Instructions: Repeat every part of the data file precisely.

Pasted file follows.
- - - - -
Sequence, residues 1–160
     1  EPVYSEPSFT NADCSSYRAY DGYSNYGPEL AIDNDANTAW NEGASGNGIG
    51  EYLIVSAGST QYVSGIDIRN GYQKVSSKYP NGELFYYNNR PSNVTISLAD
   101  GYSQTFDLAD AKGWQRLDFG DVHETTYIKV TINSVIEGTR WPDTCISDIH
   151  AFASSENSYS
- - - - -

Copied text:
Sequence, residues 1–160
     1  EPVYSEPSFT NADCSSYRAY DGYSNYGPEL AIDNDANTAW NEGASGNGIG
    51  EYLIVSAGST QYVSGIDIRN GYQKVSSKYP NGELFYYNNR PSNVTISLAD
   101  GYSQTFDLAD AKGWQRLDFG DVHETTYIKV TINSVIEGTR WPDTCISDIH
   151  AFASSENSYS